Cabiria (1914)

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*. I guess I should start off by saying that I’ll be talking about the Kino restoration of the 123-minute version, not the fully-restored 181-minute version that premiered at Cannes in 2006, or any of the other versions floating around out there (of which there are several).
*. I have a hard time imagining this film at 181 minutes. I wonder what was cut.
*. Aristotle considered opsis or spectacle to be one of the constituent elements of drama. This is usually taken as meaning, very broadly, everything you see on stage (or mise-en-scène), but I like to interpret spectacle as implying something big or marvelous. And it’s this meaning that, I think, applies especially to film. One of the things that made film a totally new art form was the sheer size of it. The images thrown up on the screen are (or at least were) larger than life. Spectacle was a part of film’s DNA from the beginning.
*. This kind of spectacle is probably what Cabiria is best known for today, father to later Biblical and quasi-Biblical Hollywood epics identified with armies of extras, XXL sets, and supersized heroes (the giant Bartolomeo Pagano here). And yet this movie isn’t carried away by its scale. It knew what Tolkien later knew: while all the big stuff is going on, keep your focus on the little things (an orphan girl, a lucky ring).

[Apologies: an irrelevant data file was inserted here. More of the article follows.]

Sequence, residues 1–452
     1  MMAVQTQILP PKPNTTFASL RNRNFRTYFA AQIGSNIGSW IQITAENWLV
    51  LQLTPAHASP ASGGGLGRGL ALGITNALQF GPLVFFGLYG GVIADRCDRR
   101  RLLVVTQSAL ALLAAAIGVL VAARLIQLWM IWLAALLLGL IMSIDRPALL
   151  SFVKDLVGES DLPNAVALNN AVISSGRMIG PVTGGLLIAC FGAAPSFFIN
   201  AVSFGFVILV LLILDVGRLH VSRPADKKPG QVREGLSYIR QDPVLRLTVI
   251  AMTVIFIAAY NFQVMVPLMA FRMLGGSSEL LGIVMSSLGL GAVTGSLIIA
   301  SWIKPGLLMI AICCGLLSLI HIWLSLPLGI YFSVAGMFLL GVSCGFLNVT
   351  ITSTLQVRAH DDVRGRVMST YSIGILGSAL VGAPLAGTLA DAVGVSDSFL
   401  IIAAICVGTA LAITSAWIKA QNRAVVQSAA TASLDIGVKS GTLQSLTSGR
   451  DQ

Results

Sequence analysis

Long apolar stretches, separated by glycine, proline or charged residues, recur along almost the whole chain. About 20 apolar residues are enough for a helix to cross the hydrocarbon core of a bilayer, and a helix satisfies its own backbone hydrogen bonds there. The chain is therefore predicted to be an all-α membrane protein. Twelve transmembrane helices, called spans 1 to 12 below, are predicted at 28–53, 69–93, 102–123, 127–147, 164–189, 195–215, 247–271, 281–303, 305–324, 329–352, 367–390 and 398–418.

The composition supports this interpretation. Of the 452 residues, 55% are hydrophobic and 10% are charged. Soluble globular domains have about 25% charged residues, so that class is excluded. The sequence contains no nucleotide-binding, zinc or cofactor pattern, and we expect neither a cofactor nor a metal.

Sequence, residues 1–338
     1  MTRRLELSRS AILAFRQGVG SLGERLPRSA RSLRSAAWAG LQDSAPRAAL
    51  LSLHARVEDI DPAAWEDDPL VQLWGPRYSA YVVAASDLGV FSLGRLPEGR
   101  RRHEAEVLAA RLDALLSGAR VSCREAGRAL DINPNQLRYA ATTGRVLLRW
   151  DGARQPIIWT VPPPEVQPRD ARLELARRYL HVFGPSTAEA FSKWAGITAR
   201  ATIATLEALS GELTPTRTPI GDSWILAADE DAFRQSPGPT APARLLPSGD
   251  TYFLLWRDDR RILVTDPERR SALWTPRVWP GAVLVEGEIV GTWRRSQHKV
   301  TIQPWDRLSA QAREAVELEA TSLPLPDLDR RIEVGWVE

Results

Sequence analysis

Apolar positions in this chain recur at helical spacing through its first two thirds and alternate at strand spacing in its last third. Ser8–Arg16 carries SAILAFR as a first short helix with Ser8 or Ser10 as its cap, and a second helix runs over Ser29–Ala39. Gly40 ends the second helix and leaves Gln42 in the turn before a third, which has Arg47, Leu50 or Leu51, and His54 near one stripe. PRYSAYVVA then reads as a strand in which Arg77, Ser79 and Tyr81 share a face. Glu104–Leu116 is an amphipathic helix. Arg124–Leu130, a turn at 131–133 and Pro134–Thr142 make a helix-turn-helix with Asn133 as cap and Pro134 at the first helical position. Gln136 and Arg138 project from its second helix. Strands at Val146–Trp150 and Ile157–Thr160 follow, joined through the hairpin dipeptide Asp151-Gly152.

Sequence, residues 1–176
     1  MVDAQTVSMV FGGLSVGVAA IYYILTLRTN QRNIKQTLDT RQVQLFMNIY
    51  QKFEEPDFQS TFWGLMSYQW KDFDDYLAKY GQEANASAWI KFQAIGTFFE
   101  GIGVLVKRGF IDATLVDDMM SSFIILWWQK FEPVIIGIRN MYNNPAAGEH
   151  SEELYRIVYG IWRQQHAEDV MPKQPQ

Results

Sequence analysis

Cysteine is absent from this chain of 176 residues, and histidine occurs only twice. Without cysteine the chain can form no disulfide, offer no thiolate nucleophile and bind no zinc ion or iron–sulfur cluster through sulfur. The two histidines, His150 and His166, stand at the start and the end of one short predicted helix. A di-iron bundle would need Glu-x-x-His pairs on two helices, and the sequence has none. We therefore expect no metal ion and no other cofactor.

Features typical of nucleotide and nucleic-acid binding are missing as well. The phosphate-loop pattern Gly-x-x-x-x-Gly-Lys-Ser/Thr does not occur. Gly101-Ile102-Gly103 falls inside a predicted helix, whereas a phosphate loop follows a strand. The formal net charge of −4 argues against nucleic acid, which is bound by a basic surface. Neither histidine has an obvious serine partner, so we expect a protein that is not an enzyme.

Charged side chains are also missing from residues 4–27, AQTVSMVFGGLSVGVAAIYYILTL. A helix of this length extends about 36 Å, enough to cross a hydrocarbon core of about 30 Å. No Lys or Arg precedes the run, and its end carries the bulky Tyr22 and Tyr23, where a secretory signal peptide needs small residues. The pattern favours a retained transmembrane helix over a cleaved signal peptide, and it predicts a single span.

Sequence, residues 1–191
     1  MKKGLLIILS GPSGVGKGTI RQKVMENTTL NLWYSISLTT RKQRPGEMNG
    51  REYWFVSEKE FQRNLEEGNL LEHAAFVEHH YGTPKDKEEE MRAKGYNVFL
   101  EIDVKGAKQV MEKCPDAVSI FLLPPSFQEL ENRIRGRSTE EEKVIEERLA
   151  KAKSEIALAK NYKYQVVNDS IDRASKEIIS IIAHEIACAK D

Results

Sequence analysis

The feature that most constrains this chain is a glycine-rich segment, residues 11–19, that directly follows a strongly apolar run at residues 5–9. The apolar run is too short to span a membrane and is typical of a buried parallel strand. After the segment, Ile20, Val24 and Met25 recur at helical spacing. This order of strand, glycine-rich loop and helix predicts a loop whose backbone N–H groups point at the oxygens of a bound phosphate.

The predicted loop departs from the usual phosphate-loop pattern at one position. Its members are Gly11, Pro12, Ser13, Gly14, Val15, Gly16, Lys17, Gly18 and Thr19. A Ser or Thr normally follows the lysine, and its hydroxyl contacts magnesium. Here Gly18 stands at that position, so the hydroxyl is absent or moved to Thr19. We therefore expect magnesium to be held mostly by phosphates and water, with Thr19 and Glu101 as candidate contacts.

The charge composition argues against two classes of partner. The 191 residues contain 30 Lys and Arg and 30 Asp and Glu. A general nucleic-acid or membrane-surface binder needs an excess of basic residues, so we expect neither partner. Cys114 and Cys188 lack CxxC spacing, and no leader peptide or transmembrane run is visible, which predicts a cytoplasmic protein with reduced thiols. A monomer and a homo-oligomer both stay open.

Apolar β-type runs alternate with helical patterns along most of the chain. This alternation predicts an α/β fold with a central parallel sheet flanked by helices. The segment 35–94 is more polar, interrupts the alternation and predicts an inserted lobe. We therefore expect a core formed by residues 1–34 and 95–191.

*. Given the large backdrops, the exaggerated gestures and dramatic posing common to silent film don’t seem out of place. The characters, so often introduced in shots that present them as sculptural icons (the noble slave, the general, the haughty queen, the scientist), register as both types and individuals.

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*. Roger Ebert: “The movie feels old, and by that I mean older than 1914.” I think what Ebert is getting at here is the ancient kind of story Cabiria tells. Pirates, battles, nobles being sold into slavery, frustrated love affairs happily resolved: these were the standard fare for the literature of the Hellenistic Age.
*. Note how the innkeeper dies of fright. Our heroes are not guilty of murder.
*. Was this a political film? It was co-written by Gabriele D’Annunzio, a noted proto-fascist. And yet this isn’t a tale of the Roman Empire but its Republic.
*. The Carthaginians were a Semitic people, so does that make the movie anti-Semitic? The high priests of Moloch’s temple are a recognizable type.
*. Pastrone is often credited for inventing the tracking shot (which was in fact initially known as a Cabiria shot). At times it’s effectively done here, though it’s associated with only a couple of sets. But this is one of those things that you have to appreciate for the achievement it was at the time. Today it doesn’t seem very impressive at all. Like most technical developments it is now interesting only as a historical footnote.

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